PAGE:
The "What Ifs" of Duke Basketball: John Wall

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(Photo by Streeter Lecka/Getty Images)

It's a popular opinion that the Duke program is in a state of free-fall.

It isn't.

The Blue Devils didn't have the season fans were hoping for, but they made progress.  

In 2007, they won 22 games and lost in the first round of the ACC and NCAA tournament.

In 2008, they won 28 games and made it to the semifinals of the ACC tournament before losing in the second round of the NCAAs.

This year, Duke won 30 games on their way to an ACC title and a return to the Sweet 16.

Vintage Duke?  Not quite.

A step in the right direction?  Absolutely.

With the season over, Duke is looking to continue its steady (albeit slow) climb back to the top of college basketball, and they are looking for a point guard to lead the charge.

Their hope is currently directed to the nation's top unsigned 2009 recruit, John Wall.

Wall has been targeted by Duke ever since Kenny Boynton chose Florida late last year, but most experts have believed the Blue Devils have, at best, an outside chance at landing the future NBA player.

But that could all change as Wall made his first official visit to Duke for a sit-down with Coach K on Sunday.

 

What if John Wall commits to Duke?

Duke's point guard problems have been front and center in the media's coverage of the Blue Devils over the past few seasons.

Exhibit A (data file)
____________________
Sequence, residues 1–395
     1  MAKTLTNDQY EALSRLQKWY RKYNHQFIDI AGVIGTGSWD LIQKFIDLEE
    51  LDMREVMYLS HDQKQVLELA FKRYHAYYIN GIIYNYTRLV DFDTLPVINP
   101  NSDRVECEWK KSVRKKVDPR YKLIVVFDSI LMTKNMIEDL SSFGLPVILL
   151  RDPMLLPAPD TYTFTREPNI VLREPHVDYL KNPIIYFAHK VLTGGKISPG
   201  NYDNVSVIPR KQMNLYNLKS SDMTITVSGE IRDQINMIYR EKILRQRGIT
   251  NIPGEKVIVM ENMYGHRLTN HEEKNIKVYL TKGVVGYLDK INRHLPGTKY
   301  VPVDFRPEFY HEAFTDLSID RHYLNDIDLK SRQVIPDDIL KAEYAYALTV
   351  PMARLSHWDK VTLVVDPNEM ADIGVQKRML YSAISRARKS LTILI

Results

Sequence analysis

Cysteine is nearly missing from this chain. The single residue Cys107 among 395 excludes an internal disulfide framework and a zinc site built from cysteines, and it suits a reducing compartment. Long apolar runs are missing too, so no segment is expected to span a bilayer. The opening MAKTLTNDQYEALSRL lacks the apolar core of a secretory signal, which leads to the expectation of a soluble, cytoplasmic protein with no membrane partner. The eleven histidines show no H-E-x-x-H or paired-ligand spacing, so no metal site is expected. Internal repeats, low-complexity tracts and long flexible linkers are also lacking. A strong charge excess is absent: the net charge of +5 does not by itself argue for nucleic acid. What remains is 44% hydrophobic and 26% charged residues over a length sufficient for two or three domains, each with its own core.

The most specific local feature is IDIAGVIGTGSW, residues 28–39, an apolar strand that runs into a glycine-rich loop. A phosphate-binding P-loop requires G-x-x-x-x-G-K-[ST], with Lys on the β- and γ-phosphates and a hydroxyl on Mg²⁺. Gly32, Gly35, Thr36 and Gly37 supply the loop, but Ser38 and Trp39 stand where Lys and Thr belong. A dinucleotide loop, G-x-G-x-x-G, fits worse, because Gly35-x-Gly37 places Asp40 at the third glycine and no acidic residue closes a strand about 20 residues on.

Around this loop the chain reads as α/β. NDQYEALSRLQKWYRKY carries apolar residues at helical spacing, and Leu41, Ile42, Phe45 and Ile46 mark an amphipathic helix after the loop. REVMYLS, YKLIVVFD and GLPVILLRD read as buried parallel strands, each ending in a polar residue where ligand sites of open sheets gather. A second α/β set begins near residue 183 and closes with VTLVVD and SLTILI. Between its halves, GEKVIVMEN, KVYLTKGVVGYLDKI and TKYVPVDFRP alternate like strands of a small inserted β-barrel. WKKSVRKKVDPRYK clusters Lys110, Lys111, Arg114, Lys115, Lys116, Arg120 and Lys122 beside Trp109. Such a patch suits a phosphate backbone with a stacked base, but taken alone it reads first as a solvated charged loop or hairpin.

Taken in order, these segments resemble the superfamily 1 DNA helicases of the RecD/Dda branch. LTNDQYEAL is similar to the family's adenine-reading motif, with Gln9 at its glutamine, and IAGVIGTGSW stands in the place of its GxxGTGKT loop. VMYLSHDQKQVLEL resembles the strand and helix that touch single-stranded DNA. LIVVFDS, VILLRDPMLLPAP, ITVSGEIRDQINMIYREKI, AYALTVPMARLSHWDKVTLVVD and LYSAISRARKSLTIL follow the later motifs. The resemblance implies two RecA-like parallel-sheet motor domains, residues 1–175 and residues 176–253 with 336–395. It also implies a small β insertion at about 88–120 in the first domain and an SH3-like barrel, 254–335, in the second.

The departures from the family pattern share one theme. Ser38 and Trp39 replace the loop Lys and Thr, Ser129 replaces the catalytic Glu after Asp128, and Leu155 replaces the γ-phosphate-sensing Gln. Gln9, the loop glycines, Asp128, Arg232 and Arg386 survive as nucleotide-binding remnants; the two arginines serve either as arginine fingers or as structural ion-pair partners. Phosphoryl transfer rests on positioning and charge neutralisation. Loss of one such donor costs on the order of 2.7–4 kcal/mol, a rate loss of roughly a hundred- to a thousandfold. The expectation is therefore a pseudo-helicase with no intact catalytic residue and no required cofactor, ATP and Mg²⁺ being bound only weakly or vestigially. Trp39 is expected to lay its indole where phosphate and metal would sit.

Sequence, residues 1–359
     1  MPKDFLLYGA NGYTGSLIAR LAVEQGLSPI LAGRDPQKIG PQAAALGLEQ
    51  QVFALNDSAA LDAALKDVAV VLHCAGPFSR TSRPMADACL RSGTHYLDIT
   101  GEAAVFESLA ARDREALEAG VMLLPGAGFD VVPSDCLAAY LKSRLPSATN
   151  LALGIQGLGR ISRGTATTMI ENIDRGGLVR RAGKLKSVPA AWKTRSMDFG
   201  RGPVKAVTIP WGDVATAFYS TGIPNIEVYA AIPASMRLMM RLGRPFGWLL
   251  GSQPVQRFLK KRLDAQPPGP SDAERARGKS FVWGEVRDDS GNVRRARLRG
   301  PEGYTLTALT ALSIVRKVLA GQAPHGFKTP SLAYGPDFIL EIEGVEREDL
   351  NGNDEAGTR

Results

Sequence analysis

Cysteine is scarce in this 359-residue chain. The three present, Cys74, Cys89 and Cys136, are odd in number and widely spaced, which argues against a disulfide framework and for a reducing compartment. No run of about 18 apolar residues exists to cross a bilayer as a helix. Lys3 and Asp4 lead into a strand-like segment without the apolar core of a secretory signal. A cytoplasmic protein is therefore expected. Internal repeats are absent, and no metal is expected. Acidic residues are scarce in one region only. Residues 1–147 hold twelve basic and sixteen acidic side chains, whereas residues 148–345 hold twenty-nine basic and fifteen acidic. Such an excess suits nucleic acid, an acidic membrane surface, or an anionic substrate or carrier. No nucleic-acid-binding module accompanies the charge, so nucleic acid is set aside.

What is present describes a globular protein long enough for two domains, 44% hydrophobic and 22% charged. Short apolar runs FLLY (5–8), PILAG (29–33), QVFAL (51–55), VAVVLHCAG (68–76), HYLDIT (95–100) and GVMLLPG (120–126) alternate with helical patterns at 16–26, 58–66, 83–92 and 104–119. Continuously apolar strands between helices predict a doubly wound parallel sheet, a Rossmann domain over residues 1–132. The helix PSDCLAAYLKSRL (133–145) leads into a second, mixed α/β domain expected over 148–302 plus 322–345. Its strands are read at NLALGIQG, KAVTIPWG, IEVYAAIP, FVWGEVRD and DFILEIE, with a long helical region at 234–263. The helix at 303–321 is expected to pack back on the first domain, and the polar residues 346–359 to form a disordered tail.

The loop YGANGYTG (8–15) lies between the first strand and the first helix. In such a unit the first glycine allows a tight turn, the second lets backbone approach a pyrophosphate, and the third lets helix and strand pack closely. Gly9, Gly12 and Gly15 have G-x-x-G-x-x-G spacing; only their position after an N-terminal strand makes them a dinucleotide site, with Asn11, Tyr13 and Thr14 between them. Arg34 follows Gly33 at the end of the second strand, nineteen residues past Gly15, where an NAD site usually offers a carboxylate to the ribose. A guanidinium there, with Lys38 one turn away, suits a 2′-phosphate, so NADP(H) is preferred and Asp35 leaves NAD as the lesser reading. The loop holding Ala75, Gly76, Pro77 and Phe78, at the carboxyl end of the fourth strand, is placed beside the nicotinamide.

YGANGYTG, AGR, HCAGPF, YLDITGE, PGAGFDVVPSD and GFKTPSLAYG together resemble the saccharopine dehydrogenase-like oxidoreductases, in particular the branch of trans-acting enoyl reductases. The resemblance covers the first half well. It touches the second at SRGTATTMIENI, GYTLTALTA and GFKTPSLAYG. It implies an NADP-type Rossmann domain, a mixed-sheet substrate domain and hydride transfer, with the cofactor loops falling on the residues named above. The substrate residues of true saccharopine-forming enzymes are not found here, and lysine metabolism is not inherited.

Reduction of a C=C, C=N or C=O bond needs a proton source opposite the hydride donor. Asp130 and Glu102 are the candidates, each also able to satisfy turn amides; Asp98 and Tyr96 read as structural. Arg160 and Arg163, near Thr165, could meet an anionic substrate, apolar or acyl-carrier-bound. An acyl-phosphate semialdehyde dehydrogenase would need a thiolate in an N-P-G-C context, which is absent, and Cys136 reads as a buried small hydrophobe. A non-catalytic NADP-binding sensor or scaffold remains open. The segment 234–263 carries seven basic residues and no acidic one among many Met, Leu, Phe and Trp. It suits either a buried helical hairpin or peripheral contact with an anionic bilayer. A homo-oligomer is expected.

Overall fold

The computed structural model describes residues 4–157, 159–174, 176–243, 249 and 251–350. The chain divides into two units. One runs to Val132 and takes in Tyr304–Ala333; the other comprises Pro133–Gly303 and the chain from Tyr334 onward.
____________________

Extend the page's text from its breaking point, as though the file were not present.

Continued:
Greg Paulus was supposed to be the best point guard to enter college basketball in the 2005-06 season, but he never lived up to that billing.

Nolan Smith was brought in as a promising understudy for Paulus, but after two years, it's clear that running the point isn't his specialty.

Jon Scheyer did well taking care of the ball as the third option at the point this season for the Blue Devils, but he doesn't have the speed or skill set to run the Blue Devils' desired brand of fast break-oriented offense.

John Wall, simply put, would be the answer for Duke's point guard problems.

He has ridiculous speed, great court vision, explosive athleticism, and incredible scoring ability.

Wall would bring Duke back into legitimate Final Four contention.  He would transform Duke's already solid recruiting class of Mason Plumlee and Ryan Kelly (Wall's AAU teammate) into its best recruiting class in years.

Getting Wall would be a momentous event for the Blue Devils, who have lost out on four top recruits in as many years with Brandan Wright, Patrick Patterson, Greg Monroe, and Kenny Boynton all opting for other schools— they might be due for a recruiting battle to go their way.


What if Wall Doesn't Come to Duke?

If Wall goes elsewhere (and Duke certainly isn't in the lead for his services), the Blue Devils will still need to find an answer for their point guard woes.

Unsigned point guard prospect Eric Bledsoe is a player that has come into the Duke recruiting discussion, but questions about his academic eligibility have come up recently.

Nolan Smith could still develop into a solid distributor, but he's more natural as a shooting guard.

Of course, Jon Scheyer could resume his recent stay at the position, but Duke would need to develop into a half-court oriented team in order for that to work. With Duke's post deficiencies still an issue (Mason Plumlee might be an instant boost in that area next year, but that's not guaranteed), playing a slower brand of offense probably isn't Duke's best path to another Final Four.

John Wall could be the best thing to happen to Duke basketball since Jason Williams rode into Durham nearly 10 years ago.

His recruitment will certainly be a priority for Coach K in the upcoming weeks, and a lot is riding on his decision for one of the top programs in college basketball.

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